To be IN the World and OF the World


By Sabrina Hicks

There is a scene in Sabrina, the 1954 movie in which I am named after, when Audrey Hepburn says,“Paris is always a good idea.” Paris changes Sabrina Fairchild, pushing her comfort zone, challenging her identity, allowing herself to redefine her world instead of stagnating in the one prescribed for her as a chauffeur’s daughter living above a garage on Long Island. She writes to her father from Paris, “I have learned how to live, how to be IN the world and OF the world, and not just to stand aside and watch. And I will never, never again run away from life. Or from love, either.”

When she returns home, she is unrecognizable as a poised and confident woman. This is what travel does — it opens passageways in our brain we didn’t know existed, casts lifelines, changes our perspective, taking what we think we know and turning it upside down. It took me 40 years to finally get to Paris, to see the city where my namesake was transformed, where wine and pastries were perfected, where literary geniuses and painters convened, where fashion was born and revolutions were lost and won. It seemed a long time to wait since watching that black and white movie, and my husband and I didn’t want to make our kids wait as well. Our oldest was graduating high school and we wanted to gift him, and his siblings, with a ticket to see the world up close, to feel the history in the walls, and walk the streets where millions of shoes have tread with threads and heels alike.

We saw all the major sights — Norte Dame, Montmartre, Le Louvre, Eiffel Tower, Normandy,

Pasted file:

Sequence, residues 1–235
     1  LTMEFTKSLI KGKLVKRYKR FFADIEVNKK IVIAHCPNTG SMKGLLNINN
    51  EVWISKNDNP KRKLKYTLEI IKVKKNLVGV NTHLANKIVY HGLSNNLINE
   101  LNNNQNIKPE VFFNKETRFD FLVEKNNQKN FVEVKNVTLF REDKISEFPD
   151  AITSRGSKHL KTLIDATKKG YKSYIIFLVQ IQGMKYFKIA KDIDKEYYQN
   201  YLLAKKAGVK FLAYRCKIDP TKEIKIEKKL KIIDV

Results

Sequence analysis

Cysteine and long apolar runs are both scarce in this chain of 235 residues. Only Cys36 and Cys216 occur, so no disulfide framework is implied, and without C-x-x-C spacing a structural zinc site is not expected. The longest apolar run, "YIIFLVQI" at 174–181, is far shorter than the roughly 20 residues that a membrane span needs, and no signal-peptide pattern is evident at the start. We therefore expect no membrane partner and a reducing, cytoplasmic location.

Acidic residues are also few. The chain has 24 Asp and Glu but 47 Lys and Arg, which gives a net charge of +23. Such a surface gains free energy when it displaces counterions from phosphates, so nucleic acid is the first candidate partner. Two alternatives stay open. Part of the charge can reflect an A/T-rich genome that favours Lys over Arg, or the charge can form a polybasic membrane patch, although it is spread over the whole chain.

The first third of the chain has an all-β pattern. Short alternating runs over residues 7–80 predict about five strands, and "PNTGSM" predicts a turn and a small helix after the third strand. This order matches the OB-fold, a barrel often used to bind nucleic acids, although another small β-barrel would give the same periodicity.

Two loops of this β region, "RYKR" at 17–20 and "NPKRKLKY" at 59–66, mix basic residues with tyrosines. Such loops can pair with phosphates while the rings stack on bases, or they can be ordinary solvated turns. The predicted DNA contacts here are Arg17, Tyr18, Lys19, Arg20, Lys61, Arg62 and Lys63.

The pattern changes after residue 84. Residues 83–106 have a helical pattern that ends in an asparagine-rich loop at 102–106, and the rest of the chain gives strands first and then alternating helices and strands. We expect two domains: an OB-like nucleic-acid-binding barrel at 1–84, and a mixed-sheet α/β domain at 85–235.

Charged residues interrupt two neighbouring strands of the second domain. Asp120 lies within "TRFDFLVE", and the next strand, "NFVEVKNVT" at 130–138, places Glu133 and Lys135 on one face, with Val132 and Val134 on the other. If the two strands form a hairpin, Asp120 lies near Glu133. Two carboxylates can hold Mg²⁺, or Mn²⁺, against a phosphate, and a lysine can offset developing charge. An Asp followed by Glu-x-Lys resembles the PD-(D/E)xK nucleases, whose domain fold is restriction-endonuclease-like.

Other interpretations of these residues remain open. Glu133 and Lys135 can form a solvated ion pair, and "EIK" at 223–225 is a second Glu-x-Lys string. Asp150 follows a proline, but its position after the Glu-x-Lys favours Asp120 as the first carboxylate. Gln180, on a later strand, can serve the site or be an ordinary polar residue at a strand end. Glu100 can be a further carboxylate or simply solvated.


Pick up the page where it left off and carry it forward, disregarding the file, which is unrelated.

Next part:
Versailles — and each were magnificent and breathtaking. But there is something to be said for those moments unplanned, those midnight strolls when the moon is reflected upon the Seine and the Eiffel Tower sparkles in the distance, and you teeter on cobblestone, smelling the sweetness from the street vendors with their chocolate covered crepes mixing with the roses along the river; those moments, too, when you’re unsettled, trying to figure out the underworld of the Metro, or how to open the doors, or dig through your memory for high school French and put together a string of poorly constructed sentences, only to find you’ve dug yourself into a hole; or find yourself standing before a public restroom that looks like a space capsule and brake all protocol by leaping in before the disinfecting process. Those moments were the thread that colored our days, weaving together our own personal tapestry.

During our last night in Paris, my family and I went around the table revealing each of our favorite sights and what we loved best about the city. I said Montmartre, sitting at a café with the chairs turned towards the streets, sipping wine, watching artists paint, and people gather from all corners of the world, milling about with wonder and joy. But, of course, my favorite sight was sitting right before me: my family gathered together, sharing our experiences, laughing over our travels, what surprised us, how awesome our guides were, how much we learned, how the people of France were gracious and cultured, inspiring us with their passion and history.

Audrey Hepburn was right — Paris is always a good idea. But I found my own reasons why. And I’d like to think our kids did too; that their world grew bigger and brighter, more hopeful and compassionate, knowing differences are gifts to be celebrated and kindness is universal.

More of Sabrina’s work can be found at SabrinaHicks.com

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